Saturday 28th July saw the 318th anniversary commemoration of the 1689 Battle of Killiecrankie. Over 100 loyal Patriots of Scotland gathered in the car park at Old Blair to follow in the footsteps of “Bonnie Dundee” and his mainly Highland army who fought and won the day near the pass of Killiecrankie. Groups from all over Scotland were represented by Crann Tara, Siol nan Gaidheal, Na fir Dileas, Clan Graham Association, The Scottish Fellowship, Paisley Tartan Army and many others. This was the nearest Saturday to the Battle which was fought on the 27th July 1689 between the Royal forces of King James the VII and those of The Convention of The Estates of Scotland loyal to King William of Orange.
|The march was led by Kenny Borthwick and with the Royal Standard of King James and The Graham banner at either side held aloft by Conor and James the group set of to the sound of the pipes. Following the line of the old Wade road as it crosses the river Tilt the pace was fast as the march climbed uphill leaving the Wade road behind and heading around the base of The Hill of Lude banners flying. Lachlan in the wheelchair was setting a great example following in the footsteps of the mainly Highland Army as it tackled the steep climb away from the Tilt. The marchers stopped to take in some well earned breath and refreshments at the memorial cairn at the roadside where close to the spot another Graham clansman James Graham The Marquis of Montrose raised the scarlet rampant lion “Royal Standard of Scotland” in 1644. Cameron Graham of The Clan Graham Association addressed the group at the cairn in memory of Montrose and some flowers were laid in tribute.
The march then continued around the base of the Lude Hill following the road as Glen Fender leaves to the east until reaching Loch Moraig before cutting inland across the hills towards the Braes above Killecrankie. Passing some ancient hut circles and old farmsteads at Margdow and Balinloan the going was wetter than last year and with some local cattle in attendance kept the marchers on their toes. With the pass of Killiecrankie opening up below and the heights of Craig Eallaich above to the south the march continued to the hillside where Dundee drew up his forces that late afternoon. On reaching the location of the main battle lines the group paused to take in the battlefield below as passing motorists on the a-9 began to realise the spectacle made with the banners flying proudly on the hillside. The spot chosen to stop was to the right of centre of Dundee's line and it was here that Kenny Borthwick addressed the group with a fine description of the events that unfolded that late day and the charge made by Dundee and the Clansmen. Small thistles were handed out by Kenny's partner to the group for release on the battlefield as a personal tribute to those who fell. With the A9 now slowing to a crawl and cars parking at the side of the road to take photos, the group charged down the hillside and made their own personal tribute to all who fell that day with Dundee, by releasing the thistles into the air.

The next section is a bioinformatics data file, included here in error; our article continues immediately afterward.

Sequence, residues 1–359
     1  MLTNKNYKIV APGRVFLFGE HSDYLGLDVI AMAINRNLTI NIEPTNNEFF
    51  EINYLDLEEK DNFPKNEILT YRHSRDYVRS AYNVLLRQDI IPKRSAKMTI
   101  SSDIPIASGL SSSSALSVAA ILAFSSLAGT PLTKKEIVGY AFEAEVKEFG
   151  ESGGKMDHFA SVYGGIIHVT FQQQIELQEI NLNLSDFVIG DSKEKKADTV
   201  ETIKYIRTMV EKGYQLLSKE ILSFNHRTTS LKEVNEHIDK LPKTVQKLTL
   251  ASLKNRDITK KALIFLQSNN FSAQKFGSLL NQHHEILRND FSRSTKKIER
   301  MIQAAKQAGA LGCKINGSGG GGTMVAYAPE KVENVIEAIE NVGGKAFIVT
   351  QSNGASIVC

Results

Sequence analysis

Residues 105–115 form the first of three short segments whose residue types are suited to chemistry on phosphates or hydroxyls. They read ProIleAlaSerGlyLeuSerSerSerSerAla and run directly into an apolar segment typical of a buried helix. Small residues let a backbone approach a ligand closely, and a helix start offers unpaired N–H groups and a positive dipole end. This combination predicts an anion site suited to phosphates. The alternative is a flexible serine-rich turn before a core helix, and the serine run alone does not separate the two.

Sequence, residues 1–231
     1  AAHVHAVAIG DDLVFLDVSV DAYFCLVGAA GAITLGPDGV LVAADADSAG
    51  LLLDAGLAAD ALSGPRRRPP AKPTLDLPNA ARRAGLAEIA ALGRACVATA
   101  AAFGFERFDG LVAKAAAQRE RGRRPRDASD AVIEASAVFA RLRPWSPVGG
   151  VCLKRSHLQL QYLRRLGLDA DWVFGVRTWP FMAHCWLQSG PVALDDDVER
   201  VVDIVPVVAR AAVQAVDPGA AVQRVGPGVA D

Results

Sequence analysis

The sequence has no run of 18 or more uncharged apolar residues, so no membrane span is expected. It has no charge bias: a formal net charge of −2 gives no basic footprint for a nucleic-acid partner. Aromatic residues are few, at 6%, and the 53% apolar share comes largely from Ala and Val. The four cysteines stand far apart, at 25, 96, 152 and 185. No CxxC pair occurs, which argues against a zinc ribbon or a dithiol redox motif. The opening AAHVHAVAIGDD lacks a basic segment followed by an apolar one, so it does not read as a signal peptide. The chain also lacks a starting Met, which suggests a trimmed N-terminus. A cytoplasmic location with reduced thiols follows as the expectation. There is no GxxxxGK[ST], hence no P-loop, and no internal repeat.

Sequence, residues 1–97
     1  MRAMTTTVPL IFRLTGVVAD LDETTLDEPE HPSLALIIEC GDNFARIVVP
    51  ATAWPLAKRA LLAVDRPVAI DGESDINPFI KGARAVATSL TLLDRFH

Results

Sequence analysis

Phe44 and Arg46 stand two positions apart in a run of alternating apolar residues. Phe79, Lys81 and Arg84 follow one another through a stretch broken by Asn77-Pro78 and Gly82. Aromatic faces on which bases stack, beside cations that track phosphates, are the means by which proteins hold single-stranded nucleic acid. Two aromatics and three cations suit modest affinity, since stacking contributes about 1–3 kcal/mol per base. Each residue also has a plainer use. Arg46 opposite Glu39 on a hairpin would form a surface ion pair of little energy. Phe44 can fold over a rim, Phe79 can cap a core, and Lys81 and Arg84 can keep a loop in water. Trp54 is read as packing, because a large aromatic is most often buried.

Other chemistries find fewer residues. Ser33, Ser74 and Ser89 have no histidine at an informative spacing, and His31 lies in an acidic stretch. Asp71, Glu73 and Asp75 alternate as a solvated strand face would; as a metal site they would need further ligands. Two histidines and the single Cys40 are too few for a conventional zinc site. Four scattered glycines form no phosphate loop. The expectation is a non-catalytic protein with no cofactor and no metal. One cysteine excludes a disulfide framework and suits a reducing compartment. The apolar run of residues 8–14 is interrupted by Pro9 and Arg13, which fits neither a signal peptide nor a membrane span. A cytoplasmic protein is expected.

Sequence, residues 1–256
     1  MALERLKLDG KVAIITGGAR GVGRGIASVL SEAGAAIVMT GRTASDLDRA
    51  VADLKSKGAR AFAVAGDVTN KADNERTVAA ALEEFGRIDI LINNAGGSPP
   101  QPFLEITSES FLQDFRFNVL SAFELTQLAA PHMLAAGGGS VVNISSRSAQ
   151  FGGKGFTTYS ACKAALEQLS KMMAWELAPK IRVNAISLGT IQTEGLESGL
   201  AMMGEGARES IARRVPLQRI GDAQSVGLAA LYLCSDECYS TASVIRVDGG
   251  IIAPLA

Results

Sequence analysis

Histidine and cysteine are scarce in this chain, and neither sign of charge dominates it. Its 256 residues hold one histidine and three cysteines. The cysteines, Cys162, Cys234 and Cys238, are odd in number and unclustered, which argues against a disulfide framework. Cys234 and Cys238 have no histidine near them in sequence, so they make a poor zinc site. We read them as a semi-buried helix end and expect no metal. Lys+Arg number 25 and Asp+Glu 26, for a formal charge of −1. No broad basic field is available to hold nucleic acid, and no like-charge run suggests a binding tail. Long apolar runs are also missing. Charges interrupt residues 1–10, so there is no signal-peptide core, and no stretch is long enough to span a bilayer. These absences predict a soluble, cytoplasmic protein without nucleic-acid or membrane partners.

On reforming with those who couldn't make the march over the hills, the group made their way to the memorial cairn which marks the spot where the officers were buried after the battle. It was here that a floral tribute was laid by Kenny Borthwick following a fine address on the events following the battle and how Dundee died in the thick of the action. Jim Singer led a prayer and further floral tribute was made by Marti Morrison and the group dispersed to be shuttled back to Old Blair for the final tribute at the Kirk of St Bride where the body of Dundee was interred following his death that day. Marching up in order with pipes playing and banners flying the group made its way from Old Blair to the Kirk passing Blair Castle and the many tourists taking in the old castle and its grounds. On assembling in the Kirk, Kenny once again led the address in tribute to Bonnie Dundee and a wreath was laid by Big Brian in respect to the great man and his achievements in the cause of his King. The customary salute from Kenny's musket prior to a minutes silence brought the day to a close and the sound of this echoed all through the surrounding hills of Atholl. A truly memorable tribute as the smoke from the musket drifted up through the roofless kirk. Jim played out the lament on the pipes and so ended a great day and tribute in memory of a great man who as “Dark John of The Battles” will be remembered not only for that hour in battle but his undying loyalty to King and Scotland.
Report by Stewart Connor